"We lament giving this sad news and extend our condolences to his family and friends."
The body of British astronomer Thomas Marsh, who went missing in September, has been found by Chilean police.
Marsh, a 60 year-old-professor at the University of Warwick, was working at La Silla Observatory just outside the Atacama desert in Coquimbo, Chile. The search, which began soon after Marsh went missing in mid-September, was extended after Marsh's clothing and cellphone were found nearby. Some 55 days after he first went missing, authorities located Marsh's body, which was undressed from the waist up, "in the vicinity" of the observatory, El Pais reports.
"After an intense search by the Carabineros' multidisciplinary team, Gope (a specialized unit) found the lifeless body of the astronomer missing since September 16," the police agency wrote in a tweet, translated by El Pais. "We lament giving this sad news and extend our condolences to his family and friends."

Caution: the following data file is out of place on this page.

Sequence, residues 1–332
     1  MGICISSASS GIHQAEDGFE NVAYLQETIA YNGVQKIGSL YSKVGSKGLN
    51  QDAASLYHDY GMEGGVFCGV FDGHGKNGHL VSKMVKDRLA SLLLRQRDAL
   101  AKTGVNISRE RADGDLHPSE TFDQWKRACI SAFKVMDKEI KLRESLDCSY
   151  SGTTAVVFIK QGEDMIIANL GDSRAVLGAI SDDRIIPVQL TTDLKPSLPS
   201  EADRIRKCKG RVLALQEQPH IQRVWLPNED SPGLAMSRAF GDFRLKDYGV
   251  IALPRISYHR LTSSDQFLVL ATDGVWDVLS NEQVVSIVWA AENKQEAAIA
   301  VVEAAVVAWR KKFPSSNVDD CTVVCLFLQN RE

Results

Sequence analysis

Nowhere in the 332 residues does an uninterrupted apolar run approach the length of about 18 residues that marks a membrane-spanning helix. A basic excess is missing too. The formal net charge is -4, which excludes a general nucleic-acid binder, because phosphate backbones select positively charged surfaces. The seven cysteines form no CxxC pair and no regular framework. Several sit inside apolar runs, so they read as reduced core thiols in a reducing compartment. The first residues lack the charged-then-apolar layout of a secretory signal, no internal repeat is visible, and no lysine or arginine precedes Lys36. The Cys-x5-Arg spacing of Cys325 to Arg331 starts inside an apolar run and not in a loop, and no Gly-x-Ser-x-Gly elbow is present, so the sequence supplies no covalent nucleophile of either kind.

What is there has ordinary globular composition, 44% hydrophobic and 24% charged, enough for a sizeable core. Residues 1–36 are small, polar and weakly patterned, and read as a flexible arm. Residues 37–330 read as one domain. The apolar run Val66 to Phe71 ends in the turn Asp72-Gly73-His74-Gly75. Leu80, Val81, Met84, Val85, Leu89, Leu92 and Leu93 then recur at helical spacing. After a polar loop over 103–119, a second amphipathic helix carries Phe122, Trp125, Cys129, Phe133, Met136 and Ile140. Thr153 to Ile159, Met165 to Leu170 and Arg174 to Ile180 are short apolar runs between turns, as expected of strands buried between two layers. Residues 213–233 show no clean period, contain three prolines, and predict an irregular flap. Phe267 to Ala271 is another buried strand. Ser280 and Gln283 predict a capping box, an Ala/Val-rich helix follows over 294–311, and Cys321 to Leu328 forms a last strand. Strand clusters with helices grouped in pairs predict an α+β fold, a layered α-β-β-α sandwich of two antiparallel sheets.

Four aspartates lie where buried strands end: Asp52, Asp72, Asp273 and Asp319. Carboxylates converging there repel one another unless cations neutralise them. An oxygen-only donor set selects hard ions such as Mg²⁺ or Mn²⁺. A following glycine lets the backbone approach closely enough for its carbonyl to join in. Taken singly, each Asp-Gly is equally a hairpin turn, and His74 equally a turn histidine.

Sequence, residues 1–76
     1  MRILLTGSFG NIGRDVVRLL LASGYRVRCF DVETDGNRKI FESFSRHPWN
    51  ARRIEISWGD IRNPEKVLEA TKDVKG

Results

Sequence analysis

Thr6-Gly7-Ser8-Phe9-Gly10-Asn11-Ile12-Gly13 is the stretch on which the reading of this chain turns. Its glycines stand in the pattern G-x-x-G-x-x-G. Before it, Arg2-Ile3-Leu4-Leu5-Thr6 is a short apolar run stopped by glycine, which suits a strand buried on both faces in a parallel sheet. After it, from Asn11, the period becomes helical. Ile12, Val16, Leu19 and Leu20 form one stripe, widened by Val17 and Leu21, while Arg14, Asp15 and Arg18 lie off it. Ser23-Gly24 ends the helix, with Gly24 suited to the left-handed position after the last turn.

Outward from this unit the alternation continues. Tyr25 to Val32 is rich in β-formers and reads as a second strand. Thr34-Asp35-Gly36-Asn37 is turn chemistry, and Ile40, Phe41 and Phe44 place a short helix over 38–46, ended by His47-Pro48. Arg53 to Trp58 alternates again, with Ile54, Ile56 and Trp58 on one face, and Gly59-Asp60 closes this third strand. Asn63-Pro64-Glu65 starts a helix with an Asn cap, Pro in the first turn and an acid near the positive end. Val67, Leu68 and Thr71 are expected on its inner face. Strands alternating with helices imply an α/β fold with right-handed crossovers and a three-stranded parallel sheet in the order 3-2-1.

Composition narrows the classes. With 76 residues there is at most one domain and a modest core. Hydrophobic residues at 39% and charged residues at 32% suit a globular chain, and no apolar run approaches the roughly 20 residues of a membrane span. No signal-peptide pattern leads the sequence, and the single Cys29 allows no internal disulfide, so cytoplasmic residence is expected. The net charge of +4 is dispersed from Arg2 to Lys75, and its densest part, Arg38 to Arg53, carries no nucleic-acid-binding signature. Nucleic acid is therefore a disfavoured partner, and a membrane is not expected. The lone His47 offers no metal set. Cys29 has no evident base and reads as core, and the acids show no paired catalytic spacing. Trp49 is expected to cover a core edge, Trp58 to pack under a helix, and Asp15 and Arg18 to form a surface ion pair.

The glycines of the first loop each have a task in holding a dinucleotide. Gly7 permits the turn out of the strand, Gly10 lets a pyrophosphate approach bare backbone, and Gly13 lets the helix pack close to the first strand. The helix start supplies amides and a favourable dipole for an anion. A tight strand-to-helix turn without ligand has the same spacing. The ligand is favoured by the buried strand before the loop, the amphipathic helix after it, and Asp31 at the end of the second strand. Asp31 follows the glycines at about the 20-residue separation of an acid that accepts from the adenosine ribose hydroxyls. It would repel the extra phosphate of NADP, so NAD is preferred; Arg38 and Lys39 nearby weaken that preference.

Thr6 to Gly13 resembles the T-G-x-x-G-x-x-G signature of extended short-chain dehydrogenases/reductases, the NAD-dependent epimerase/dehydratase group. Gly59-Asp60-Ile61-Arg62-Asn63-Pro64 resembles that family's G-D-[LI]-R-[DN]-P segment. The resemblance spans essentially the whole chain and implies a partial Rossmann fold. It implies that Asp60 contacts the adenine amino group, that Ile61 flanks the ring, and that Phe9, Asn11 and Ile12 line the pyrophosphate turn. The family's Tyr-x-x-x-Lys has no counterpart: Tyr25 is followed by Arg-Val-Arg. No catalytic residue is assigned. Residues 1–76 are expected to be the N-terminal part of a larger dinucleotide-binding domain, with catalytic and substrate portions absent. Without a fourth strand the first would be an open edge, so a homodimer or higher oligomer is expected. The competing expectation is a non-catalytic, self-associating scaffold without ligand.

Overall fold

As of now, no cause of death has been reported, and it remains unclear what happened during Marsh's final hours. One of the investigation's main theories is that Marsh had simply gone out for a trek and soon became lost.
The British astronomer was originally visiting La Silla observatory, operated by the European Space Observatory and home of the advanced New Technology Telescope, for four days. According to one of his colleagues, Marsh knew "the terrain very well," as quoted by El Pais. In fact, Marsh had worked and taught there many times before.
A British student who traveled with Marsh to the observatory has become a key witness in the mystery. According to testimony he gave to the police, Marsh, on the day before he disappeared, told the student "something super strange" and berated him for his lack of commitment.
Remember the Man
University of Warwick provost Chris Ennew said in a statement that the discovery of Marsh's body was "deeply distressing news for Tom's family."
"I know what a terrible time this is for the colleagues who knew Tom and counted him as a close friend as well as an inspirational academic and mentor," she said.
Hopefully, investigators will be able to determine exactly what happened to provide some closure to Marsh's family and friends.
More on telescopes: Hackers Just Took Down One of the World's Most Advanced Telescopes
Share This Article